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How Tariffs Are Reshuffling EV Trade

Age of the EV

We’re entering the age of the electric vehicle, and global trade is keeping pace. Around 20% of all cars bought in the world in 2023, a total of almost 14 million, were electric, and there are now 40 million on the road, according to the International Energy Agency. Total trade in electric vehicles amounted to around $150 billion in 2023, up over 50% from 2022. The EV market is concentrated in the world’s top three economic poles: In 2023, 95% of EV sales were in China, the U.S., and the EU. These economies have the battery and automotive supply chains they need to maintain a robust EV manufacturing capacity.

Germany v. China

During this decade, Germany and China, now the world’s top two overall car exporters, have been running neck-and-neck in electric vehicle (EV) exports. In the first quarter of 2024, Germany exported $8.9 billion of EVs and China shipped out $8.1 billion, according to TDM data. South Korea, in third place, exported $3.4 billon, followed by Belgium ($3.2 billion), Japan ($1.7 billion), and the U.S. ($1.5 billion). 

Americans Buy

For all its purported troubles, the U.S. is still, in many ways that count, the world’s top consumer economy. The U.S., which shipped in $20.4 billion worth of EVs in 2023, is the world’s top importer of EVs, followed by Germany, the UK, Belgium and France. The U.S.’s top sources are Germany ($6.2 billion), South Korea ($4.4 billion), Mexico ($3.8 billion), Japan ($3 billion), Belgium ($1.5 billion), and Hungary ($600.9 million). China ($367.8 million) ranked seventh.

The China EV Booms

Like Japan in the 1980s and South Korea in the 1990s, China has dramatically expanded its automobile export capacity. Unlike those two economies, it’s benefitted from foreign investment and from a revolutionary new technology, electric vehicles. The auto industry is a massive part of the global economy, representing around 3% of total output. China has been the world’s top producer and market for cars since 2009. Thanks to massive investment and solicitation of foreign auto producers, China has been a net auto exporter since 2021. EVs now represent 44% of total Chinese auto exports, up from less than 1% in 2018.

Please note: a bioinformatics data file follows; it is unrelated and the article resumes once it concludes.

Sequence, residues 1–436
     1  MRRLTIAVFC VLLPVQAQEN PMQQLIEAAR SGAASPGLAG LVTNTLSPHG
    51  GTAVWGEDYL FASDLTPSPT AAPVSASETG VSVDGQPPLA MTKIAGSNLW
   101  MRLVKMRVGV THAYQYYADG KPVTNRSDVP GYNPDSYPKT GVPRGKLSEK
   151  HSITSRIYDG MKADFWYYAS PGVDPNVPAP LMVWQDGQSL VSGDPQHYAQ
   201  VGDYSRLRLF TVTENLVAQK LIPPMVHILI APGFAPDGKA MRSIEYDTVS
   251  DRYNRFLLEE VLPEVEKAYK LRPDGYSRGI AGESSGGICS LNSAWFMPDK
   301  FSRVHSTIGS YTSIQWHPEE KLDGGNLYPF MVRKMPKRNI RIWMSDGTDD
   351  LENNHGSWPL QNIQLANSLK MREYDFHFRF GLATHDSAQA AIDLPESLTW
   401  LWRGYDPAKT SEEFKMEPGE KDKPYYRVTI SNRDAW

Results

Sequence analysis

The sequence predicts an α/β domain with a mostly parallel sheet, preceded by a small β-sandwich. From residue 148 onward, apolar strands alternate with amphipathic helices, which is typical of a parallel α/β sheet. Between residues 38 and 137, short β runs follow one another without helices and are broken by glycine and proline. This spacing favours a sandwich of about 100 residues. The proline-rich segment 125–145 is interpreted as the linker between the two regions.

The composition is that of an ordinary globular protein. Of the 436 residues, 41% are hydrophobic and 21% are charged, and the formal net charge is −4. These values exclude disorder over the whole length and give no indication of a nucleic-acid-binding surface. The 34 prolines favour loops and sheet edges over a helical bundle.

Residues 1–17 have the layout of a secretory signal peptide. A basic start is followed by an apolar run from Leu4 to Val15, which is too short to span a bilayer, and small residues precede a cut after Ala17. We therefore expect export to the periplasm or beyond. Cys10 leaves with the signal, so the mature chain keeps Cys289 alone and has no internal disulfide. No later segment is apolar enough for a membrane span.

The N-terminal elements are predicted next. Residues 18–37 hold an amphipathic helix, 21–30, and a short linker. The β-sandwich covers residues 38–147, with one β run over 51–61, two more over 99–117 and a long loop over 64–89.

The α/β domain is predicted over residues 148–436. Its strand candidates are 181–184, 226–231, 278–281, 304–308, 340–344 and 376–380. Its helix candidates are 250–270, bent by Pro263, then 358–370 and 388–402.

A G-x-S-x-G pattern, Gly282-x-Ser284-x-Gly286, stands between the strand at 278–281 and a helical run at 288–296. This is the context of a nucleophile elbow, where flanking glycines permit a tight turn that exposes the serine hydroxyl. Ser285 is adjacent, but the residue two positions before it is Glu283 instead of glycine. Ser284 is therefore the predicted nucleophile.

Here Come Tariffs

Fearful of getting crushed by Chinese EV imports, the U.S. and EU have been throwing up protectionist walls against Chinese EVs. In May, the U.S. announced 100% tariffs, up from 25%, on imports of Chinese EVs.

In early July, the European Union imposed provisional tariffs of up to 37.6%, in addition to the EU’s standard 10% duty on auto imports, on Chinese EVs entering the 27-nation bloc. Chinese EV companies have advanced technology and produce their vehicles roughly 30% more cheaply. The EU duties are set to last at least four months. Chinese trade officials have said they will retaliate by slapping tariffs on U.S. and European goods.

Around half of Chinese car exports are made by Western companies like Tesla, Volkswagen, and Volvo, now China-owned, or in cooperation with Chinese firms. Tesla has said its Shanghai factory is it top export hub. In 2023, China was the world’s second largest exporter of automobiles, up from sixth in 2018.

How China Fights Back

Five of China’s top ten destinations for EVs in 2023 were EU members: Belgium, Spain, Germany, the Netherlands, and Slovenia. The other six countries in the top ten markets were the UK, Thailand, Australia, Canada, and Israel. The U.S. was China’s 22nd biggest market.

How will it cope with tariffs? China’s real weapon is that it has diversified its auto export base. In 2023, it exported over a billion dollars’ worth of cars, trucks and part to 38 different countries. The Chinese automobile industry’s top customer: Russia. In 2023, it imported $22.5 billion worth of autos and auto parts, up from $6.3 billion in 2022, leapfrogging from fourth to first. However, only a small percentage, around a quarter-billion dollars’ worth, was EVs.

Chinese exports of EVs to Brazil skyrocketed to $1.1 billion from around $20 million in the first five months of 2024. This year, Brazil has been China’s third biggest market for EVs, up from 22nd in 2022. The U.S. so far in 2024 has been China’s 29th biggest market, with only $57.4 million in exports.

John W. Miller is TDM’s Chief Economic Analyst. For more information visit